Custody Battle Boils Over Vegan Diet

Parents going through a child custody fight have said some unusual things to prove they are the better caretaker.

Take the case of the Nelson-Folkerson quintuplets. They may be part of the less than 1 percent of children in the United States on a strict vegan diet -- and their culinary habits are now at the center of their parents' bitter custody battle.

In this unusual custody fight in Florida, the quintuplets' father, Jeff Nelson-Folkerson, says in court papers that he should have custody of the 10-year-olds, citing his wife's "serious psychological control issues," first and foremost of which is imposing a strict vegan diet on the kids, a diet "so strict, in fact, that she rarely allows the children to visit their paternal grandparents because they have leather furniture in their home" and might let the children eat animal-based foods.

Nelson-Folkerson wants primary custody, or alternately joint custody, of all five children.

A strict vegan diet, which is an extension of vegetarianism, includes only foods that come from plants, such as fruit, grains, vegetables and legumes.

While it's unclear how significantly the children's diet or the mother's alleged control issues will play into the custody battle, the case raises other issues about health, ethics and parenting.

Neither Mr. nor Mrs. Nelson-Folkerson would comment on the case.

Excuses, Excuses, Excuses?

Legal experts told ABC News that the Nelson-Folkerson's fight sounds unusual -- but not surprising. Florida child custody laws give judges wide discretion in deciding who gets the kids. In custody hearings, these experts said, anything is possible.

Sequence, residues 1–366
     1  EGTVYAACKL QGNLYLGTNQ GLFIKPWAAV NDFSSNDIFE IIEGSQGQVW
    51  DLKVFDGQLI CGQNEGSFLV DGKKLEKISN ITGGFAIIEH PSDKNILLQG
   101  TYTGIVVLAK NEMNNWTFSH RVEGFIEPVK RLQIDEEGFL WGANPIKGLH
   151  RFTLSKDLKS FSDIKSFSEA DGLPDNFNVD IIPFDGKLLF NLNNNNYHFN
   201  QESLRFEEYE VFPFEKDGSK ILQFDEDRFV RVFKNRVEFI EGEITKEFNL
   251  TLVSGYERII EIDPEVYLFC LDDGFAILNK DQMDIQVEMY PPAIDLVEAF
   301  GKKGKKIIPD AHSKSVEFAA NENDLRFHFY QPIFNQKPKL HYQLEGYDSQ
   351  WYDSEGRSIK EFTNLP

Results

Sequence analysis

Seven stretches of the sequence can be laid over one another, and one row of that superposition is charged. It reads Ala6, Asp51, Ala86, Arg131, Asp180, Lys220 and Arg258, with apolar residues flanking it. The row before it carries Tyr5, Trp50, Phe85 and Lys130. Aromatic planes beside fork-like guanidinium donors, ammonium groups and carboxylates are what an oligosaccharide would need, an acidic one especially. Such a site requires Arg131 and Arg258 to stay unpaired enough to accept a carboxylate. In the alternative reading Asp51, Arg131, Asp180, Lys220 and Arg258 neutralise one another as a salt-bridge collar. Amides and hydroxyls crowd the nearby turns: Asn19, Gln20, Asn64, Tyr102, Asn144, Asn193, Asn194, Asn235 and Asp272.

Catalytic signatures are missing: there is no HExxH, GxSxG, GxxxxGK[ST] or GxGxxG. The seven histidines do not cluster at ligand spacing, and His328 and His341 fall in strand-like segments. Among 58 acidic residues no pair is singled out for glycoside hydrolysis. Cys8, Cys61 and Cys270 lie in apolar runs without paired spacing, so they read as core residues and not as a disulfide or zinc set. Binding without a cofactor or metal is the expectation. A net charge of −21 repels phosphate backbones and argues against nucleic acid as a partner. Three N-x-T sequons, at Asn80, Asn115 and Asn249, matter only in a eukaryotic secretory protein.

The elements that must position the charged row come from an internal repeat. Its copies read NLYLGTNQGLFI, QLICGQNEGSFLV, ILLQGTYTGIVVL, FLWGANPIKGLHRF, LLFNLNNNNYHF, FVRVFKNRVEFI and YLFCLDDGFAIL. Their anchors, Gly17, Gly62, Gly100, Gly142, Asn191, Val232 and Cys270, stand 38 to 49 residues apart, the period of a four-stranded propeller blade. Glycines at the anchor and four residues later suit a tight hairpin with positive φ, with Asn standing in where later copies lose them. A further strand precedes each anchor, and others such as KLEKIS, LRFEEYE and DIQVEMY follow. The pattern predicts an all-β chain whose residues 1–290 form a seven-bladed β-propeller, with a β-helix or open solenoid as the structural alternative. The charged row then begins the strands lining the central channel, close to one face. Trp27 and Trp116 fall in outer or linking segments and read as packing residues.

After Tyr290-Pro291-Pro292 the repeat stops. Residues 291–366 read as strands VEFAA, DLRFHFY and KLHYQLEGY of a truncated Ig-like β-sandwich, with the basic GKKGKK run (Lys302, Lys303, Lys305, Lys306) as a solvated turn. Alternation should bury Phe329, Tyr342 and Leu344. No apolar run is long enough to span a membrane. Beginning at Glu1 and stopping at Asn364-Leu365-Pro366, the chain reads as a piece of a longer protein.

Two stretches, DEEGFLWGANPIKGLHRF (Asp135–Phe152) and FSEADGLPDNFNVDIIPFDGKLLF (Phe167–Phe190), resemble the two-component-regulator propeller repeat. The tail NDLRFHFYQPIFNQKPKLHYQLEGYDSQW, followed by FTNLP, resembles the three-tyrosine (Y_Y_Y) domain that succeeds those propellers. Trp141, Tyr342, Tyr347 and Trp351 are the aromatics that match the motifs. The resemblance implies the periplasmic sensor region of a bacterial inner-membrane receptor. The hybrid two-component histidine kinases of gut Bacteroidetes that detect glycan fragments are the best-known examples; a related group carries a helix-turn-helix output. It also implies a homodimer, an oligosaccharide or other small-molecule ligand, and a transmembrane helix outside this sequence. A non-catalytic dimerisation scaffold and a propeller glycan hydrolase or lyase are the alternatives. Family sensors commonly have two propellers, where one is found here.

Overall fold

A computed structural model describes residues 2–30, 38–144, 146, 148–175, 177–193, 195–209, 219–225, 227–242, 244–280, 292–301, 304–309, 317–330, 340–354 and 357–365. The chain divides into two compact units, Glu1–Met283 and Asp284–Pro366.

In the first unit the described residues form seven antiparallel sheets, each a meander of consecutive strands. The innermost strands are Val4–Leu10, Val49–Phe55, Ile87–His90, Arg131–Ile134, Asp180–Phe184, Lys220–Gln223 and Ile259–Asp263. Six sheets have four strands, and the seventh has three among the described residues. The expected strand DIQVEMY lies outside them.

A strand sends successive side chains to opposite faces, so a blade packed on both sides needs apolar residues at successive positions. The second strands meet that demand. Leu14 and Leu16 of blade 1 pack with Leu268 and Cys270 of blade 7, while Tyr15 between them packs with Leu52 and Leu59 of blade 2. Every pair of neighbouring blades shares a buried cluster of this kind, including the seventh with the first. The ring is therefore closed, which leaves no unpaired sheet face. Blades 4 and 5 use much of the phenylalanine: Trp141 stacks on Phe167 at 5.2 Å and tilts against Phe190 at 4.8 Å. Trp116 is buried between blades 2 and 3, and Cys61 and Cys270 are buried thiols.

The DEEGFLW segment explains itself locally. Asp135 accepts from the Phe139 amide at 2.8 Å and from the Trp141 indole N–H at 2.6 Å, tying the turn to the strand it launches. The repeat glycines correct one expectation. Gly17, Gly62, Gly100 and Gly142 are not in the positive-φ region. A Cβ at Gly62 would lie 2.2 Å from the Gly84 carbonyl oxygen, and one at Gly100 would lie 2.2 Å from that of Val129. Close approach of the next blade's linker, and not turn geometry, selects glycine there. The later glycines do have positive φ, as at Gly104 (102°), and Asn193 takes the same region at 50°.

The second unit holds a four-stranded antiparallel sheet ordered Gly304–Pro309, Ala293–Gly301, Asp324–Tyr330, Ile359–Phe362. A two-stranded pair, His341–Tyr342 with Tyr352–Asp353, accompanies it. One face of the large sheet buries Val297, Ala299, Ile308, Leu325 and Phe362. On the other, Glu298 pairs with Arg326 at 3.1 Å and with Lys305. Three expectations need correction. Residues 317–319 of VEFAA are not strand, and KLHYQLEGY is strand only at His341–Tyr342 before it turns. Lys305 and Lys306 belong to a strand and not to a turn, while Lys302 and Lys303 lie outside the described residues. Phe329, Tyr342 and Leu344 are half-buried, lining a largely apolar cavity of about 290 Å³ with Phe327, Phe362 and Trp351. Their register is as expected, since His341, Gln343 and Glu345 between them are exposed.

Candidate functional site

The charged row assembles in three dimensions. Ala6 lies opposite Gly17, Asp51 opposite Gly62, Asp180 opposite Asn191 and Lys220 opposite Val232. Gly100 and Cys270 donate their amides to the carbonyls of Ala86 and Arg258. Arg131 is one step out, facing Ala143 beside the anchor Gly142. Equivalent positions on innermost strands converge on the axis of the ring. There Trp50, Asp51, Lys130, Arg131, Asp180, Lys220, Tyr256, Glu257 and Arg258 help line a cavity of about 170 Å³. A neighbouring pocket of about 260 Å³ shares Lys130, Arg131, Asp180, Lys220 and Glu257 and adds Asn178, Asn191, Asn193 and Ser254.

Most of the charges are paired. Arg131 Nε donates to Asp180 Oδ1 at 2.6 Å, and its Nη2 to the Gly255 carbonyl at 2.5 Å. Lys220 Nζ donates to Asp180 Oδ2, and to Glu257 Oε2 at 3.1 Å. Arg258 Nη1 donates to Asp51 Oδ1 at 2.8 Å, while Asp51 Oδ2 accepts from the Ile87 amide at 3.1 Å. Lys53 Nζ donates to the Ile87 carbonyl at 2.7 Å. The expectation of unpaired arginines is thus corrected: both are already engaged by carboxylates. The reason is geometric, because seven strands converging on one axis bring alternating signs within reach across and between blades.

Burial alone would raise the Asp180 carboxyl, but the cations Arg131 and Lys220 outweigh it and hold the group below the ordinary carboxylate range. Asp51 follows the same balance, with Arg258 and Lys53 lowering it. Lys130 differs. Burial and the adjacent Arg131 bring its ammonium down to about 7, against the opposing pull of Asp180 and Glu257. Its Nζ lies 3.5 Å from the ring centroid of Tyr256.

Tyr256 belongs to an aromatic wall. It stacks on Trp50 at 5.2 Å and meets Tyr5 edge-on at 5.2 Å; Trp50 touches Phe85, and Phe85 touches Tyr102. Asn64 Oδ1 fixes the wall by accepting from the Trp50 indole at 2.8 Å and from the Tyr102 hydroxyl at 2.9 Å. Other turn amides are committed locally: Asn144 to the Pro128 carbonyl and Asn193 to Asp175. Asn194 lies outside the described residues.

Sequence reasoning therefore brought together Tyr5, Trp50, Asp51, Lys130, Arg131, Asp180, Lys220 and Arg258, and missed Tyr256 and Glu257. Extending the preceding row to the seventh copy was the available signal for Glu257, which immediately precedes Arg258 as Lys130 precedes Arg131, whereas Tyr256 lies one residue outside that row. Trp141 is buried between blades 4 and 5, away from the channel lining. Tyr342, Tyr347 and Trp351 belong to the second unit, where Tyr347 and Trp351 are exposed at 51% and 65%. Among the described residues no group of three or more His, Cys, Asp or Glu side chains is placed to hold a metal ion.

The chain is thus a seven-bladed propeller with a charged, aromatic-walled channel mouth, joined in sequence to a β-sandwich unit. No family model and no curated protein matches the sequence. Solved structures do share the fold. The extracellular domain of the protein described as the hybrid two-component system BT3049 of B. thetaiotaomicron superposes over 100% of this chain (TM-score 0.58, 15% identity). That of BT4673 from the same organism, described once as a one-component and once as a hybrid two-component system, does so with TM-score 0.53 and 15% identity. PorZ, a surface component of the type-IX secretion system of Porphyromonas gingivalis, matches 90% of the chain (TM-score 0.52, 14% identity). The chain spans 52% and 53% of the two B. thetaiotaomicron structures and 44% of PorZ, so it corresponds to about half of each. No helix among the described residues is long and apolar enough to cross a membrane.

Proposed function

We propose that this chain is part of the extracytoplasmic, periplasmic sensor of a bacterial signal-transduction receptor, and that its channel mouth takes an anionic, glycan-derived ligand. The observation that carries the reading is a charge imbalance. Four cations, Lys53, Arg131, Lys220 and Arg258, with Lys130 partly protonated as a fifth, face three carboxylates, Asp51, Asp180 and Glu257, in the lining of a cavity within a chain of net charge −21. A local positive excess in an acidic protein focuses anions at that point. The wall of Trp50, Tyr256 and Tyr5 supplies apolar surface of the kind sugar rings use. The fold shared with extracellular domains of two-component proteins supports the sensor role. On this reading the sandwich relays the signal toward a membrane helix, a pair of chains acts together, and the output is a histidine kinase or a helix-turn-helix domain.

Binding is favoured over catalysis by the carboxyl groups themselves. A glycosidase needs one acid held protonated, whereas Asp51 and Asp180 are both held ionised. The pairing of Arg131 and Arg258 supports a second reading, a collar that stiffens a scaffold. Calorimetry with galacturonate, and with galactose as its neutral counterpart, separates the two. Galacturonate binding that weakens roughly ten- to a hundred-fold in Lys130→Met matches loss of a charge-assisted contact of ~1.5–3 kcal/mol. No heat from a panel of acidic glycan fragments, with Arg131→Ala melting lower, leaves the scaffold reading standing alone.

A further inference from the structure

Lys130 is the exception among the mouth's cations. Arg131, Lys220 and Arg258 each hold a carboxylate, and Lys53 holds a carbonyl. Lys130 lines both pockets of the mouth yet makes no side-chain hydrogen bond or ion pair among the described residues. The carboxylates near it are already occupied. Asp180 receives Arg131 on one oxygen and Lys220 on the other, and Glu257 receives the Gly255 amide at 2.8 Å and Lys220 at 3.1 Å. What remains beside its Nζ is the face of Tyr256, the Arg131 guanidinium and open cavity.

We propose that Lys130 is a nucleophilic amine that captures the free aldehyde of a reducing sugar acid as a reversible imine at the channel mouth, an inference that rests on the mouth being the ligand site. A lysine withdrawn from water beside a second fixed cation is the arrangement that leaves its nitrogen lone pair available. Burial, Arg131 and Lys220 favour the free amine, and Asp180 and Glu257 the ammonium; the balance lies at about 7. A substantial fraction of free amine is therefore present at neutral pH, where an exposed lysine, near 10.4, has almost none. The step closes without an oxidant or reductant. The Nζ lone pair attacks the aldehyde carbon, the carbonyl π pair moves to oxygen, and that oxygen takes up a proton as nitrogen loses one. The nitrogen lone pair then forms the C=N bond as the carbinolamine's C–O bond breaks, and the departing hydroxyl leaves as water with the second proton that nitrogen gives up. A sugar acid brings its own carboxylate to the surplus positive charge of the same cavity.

"I've heard it all," said Thomas Sasser, chairman of the family law section of the Florida Bar. From complaints about a Christian Scientologist mother to a father who doesn't use appropriate sunscreen, parents will search for any excuse to be with their children.

In this fast-food-friendly nation where pediatric obesity has been called a form of child abuse by some doctors, the law does not directly address the legality of imposing a strict vegan diet on children.

Florida's custody statute encourages shared parental custody and focuses on the best interests of the child. The law would be less concerned about a specific diet, Sasser said, and more concerned about a parent's capacity to provide the children with food.

Amy Lanou, a practicing vegan nutritionist, testified for the prosecution in an Atlanta case last month that found vegan parents guilty of starving their 6-month-old to death. She said that based on the available information, she can see no reason why the Nelson-Folkerson's mother's dietary preference for her children would make her less qualified to obtain custody.

While cases like the recent Atlanta one have fueled critics in the ongoing veganism debate, the amount the Atlanta baby was fed was the issue, she said. The parents gave very little soy milk and apple juice to the baby, who weighed about 3½ pounds at the time of death.

"The vegan diet should be a nonissue, period," Dr. Roberta Gray, a North Carolina pediatric nephrologist, told ABC News. She argued that if it were an issue, the court should act more favorably to the person providing the vegan diet.

Vegan Children Debate

Yet the Florida case, which could determine whether extreme diets can influence the outcomes of custody cases, calls attention to ongoing debates about veganism, children and parenting.

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